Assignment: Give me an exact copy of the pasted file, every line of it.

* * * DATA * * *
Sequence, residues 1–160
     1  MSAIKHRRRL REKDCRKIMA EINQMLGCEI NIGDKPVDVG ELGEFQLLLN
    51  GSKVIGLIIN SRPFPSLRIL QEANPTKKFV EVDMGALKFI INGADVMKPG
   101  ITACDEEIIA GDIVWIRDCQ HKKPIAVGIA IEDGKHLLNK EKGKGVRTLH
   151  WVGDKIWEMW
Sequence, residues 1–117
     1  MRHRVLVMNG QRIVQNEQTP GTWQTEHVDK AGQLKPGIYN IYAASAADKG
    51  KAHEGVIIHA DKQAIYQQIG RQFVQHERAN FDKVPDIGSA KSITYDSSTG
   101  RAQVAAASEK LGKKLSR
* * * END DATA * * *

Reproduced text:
Sequence, residues 1–160
     1  MSAIKHRRRL REKDCRKIMA EINQMLGCEI NIGDKPVDVG ELGEFQLLLN
    51  GSKVIGLIIN SRPFPSLRIL QEANPTKKFV EVDMGALKFI INGADVMKPG
   101  ITACDEEIIA GDIVWIRDCQ HKKPIAVGIA IEDGKHLLNK EKGKGVRTLH
   151  WVGDKIWEMW
Sequence, residues 1–117
     1  MRHRVLVMNG QRIVQNEQTP GTWQTEHVDK AGQLKPGIYN IYAASAADKG
    51  KAHEGVIIHA DKQAIYQQIG RQFVQHERAN FDKVPDIGSA KSITYDSSTG
   101  RAQVAAASEK LGKKLSR